Coming from a background steeped in creativity, young painter and textile artist Losel Yauch has been making a name for herself in and amongst London’s burgeoning talent scene. Using her Tibetan heritage and love of abstract concepts to inspire her work, she teleports her audience into a parallel universe, forcing them to confront their very own reality. We caught up with Yauch and went behind the scenes to uncover how she brought the Lola to life in her own way.

“London is where I first found my footing as an artist, and in that sense, my identity as an artist feels quite tied to living here.” - Yauch

In the last couple of years I’ve started weaving, using that as a medium to explore my cultural heritage and the occupation of Tibet. My paintings however are less grounded. Rather than a celebration of the strange, odd, and surreal, they’re actually an homage to the quiet perseverance and durability of the mundane in the face of the unbelievable. There’s a poignancy to what we hold onto when faced with our own mortality, and now more than ever I’ve been interested in exploring how life finds a way of trudging on.

I was exhibiting some paintings recently and these two little kids, like four-year-olds, walked by. One of them stopped, pointed at my work, and said to the other, “that’s confusing…but satisfying at the same time”, and then they waddled off. I realized this baby had just summed up everything I strive for in my work. So, though my practice doesn’t stick to one theme or medium, I can only say that I hope you find it confusing and satisfying at the same time.

Playful, garbled stories.

I’m someone who likes to work in bursts. I’ll paint for a couple of days and then abandon it for a while to see how I feel with fresh eyes. I feel like for every hour I spend making work, I spend two hours writing about my practice for exhibitions and residencies. So right now a day in the life is a mix of cooking, painting, and writing.

It’s so difficult to say. My parents used to give me pens and paper to draw If I got antsy as a kid. My grandpa on my dad's side was actually also a painter, so I think I just had the space and support to explore that and other forms of art as a career rather than being pushed into it.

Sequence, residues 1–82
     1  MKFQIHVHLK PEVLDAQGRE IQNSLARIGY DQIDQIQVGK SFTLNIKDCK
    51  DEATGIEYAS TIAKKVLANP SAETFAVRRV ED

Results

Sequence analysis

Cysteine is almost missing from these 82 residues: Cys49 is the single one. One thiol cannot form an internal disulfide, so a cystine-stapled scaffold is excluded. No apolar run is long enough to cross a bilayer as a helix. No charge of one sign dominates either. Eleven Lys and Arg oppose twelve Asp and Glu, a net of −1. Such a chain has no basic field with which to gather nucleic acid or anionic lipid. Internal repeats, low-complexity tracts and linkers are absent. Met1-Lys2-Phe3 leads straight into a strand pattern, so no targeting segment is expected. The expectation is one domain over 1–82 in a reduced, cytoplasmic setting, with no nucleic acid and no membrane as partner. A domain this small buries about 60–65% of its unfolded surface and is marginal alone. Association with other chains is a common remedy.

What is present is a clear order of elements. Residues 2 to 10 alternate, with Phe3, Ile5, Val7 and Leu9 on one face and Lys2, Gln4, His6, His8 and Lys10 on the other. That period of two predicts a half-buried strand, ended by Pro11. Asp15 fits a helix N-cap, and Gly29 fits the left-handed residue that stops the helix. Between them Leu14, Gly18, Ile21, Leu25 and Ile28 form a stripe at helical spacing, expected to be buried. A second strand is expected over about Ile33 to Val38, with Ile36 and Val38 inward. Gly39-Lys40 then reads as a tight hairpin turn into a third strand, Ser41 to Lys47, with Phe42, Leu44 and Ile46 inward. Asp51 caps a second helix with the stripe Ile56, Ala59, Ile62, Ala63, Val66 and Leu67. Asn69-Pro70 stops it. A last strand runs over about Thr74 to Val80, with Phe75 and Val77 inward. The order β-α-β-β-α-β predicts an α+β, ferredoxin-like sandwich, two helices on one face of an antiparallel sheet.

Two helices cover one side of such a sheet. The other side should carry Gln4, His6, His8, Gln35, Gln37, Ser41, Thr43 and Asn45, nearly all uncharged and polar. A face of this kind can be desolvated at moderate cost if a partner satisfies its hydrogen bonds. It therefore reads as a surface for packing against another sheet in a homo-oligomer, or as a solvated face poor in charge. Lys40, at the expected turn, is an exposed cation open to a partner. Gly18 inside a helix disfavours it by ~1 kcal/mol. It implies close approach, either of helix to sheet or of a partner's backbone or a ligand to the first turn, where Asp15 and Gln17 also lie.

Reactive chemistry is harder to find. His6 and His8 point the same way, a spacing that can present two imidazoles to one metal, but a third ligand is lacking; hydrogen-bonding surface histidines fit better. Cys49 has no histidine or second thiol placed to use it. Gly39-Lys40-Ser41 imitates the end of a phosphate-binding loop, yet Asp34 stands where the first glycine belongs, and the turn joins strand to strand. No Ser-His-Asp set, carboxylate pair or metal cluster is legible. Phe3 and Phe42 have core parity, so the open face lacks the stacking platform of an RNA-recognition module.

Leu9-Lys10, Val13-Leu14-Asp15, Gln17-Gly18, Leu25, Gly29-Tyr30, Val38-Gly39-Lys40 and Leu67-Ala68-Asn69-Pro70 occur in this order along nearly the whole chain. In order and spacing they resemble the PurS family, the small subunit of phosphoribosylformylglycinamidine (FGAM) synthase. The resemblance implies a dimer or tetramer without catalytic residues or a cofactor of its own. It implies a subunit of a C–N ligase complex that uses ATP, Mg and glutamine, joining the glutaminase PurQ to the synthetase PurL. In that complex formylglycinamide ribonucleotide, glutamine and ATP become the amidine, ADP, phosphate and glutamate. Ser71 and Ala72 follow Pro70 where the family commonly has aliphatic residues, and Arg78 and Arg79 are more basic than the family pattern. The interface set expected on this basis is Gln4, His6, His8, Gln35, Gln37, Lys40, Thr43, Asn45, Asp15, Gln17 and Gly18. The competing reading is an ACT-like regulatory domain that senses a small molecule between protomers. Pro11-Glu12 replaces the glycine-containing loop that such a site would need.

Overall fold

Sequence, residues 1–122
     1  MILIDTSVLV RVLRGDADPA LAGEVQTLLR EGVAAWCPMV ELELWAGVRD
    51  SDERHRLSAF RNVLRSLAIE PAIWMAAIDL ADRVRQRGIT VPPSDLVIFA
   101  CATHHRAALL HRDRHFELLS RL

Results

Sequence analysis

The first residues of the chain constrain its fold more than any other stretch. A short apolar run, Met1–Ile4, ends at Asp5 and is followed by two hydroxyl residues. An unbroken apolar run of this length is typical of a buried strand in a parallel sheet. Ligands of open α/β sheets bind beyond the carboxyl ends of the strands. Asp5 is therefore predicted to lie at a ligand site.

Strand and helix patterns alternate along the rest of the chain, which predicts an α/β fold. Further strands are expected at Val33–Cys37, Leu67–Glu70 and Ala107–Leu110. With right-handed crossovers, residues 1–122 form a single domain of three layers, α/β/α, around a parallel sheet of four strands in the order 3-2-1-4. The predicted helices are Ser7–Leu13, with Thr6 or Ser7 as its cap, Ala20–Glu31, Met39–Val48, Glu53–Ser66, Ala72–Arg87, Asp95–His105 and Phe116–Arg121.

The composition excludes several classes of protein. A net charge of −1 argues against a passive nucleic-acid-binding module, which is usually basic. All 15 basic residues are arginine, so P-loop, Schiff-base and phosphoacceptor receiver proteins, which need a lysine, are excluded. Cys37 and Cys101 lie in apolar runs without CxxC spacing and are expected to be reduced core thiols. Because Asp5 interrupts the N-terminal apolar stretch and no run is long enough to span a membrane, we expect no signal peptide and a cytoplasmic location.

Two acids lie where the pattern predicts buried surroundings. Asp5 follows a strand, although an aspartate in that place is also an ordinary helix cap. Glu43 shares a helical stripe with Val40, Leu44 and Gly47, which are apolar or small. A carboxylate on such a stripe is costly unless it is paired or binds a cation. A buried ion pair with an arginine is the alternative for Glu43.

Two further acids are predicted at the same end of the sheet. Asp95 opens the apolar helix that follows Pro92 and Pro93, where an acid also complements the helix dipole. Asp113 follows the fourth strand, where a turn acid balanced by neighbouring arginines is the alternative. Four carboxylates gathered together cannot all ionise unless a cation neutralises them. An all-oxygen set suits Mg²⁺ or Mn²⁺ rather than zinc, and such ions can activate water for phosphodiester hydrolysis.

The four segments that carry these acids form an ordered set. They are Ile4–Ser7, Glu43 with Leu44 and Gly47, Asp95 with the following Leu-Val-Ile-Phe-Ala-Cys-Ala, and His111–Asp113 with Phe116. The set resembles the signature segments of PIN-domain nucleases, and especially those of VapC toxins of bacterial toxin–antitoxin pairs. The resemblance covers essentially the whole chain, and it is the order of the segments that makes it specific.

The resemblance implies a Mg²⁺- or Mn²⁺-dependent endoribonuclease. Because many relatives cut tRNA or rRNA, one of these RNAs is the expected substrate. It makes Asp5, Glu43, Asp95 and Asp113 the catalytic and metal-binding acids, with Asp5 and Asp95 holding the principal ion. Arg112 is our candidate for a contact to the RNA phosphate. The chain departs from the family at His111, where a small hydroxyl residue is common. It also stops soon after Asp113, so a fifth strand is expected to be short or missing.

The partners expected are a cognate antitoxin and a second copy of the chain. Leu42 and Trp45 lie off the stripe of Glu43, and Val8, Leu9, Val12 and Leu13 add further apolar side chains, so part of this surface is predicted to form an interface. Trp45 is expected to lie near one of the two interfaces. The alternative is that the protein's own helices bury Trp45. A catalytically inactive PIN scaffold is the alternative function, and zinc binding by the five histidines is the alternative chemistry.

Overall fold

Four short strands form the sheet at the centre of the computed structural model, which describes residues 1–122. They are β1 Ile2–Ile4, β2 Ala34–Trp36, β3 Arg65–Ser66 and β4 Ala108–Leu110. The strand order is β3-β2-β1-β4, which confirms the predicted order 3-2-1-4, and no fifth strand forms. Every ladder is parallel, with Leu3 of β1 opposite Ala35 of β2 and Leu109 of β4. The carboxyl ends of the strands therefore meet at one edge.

My first thoughts were really about the name Lola. It’s got such personality and I’d say it’s fitting for the bag itself — it’s quite gamine.

I love to look at found photos for inspiration when I’m painting. There is so little context beyond what is in the image and I love that they leave a lot to the imagination so the story and the meaning become the viewers. My favorite images are the ones that logic struggles to make sense of. I had seen an amazing found photo of a horse in the backseat of a Mustang and later realized the pairing was a bit of a thing. A horse in a car felt like such a marriage of modernity and tradition, just like the Lola bag. So for my piece I gave the horse a bit more autonomy and took the man out of the driver’s seat. It’s a fantasyscape with an element of leisure, and it was great that Burberry was interested in taking a playful approach on classic symbols of British identity.

London is where I first found my footing as an artist, and in that sense, my identity as an artist feels quite tied to living here. The past couple of years have been very unpredictable but my genuine hope is that female artists are no longer asked how it feels to be a female artist. I see women in all fields answering the same question, of which their male counterparts are never asked and I think the ideal future is one in which we are so prevalent that our sex is not noteworthy.

I’ve learned a lot about heraldry and symbolism whilst living here and I think that’s been creeping into my work more and more. I also think I’ve learned about more artists from the U.K. who now influence my work a lot like Craigie Aitchison and Alfred Wallis. British Folk Art wasn’t something I was really aware of before moving here and I think most of the work I’ve been really excited to learn about here fits into that category. You can see influences from all of the above in all my recent work, including this piece for Burberry.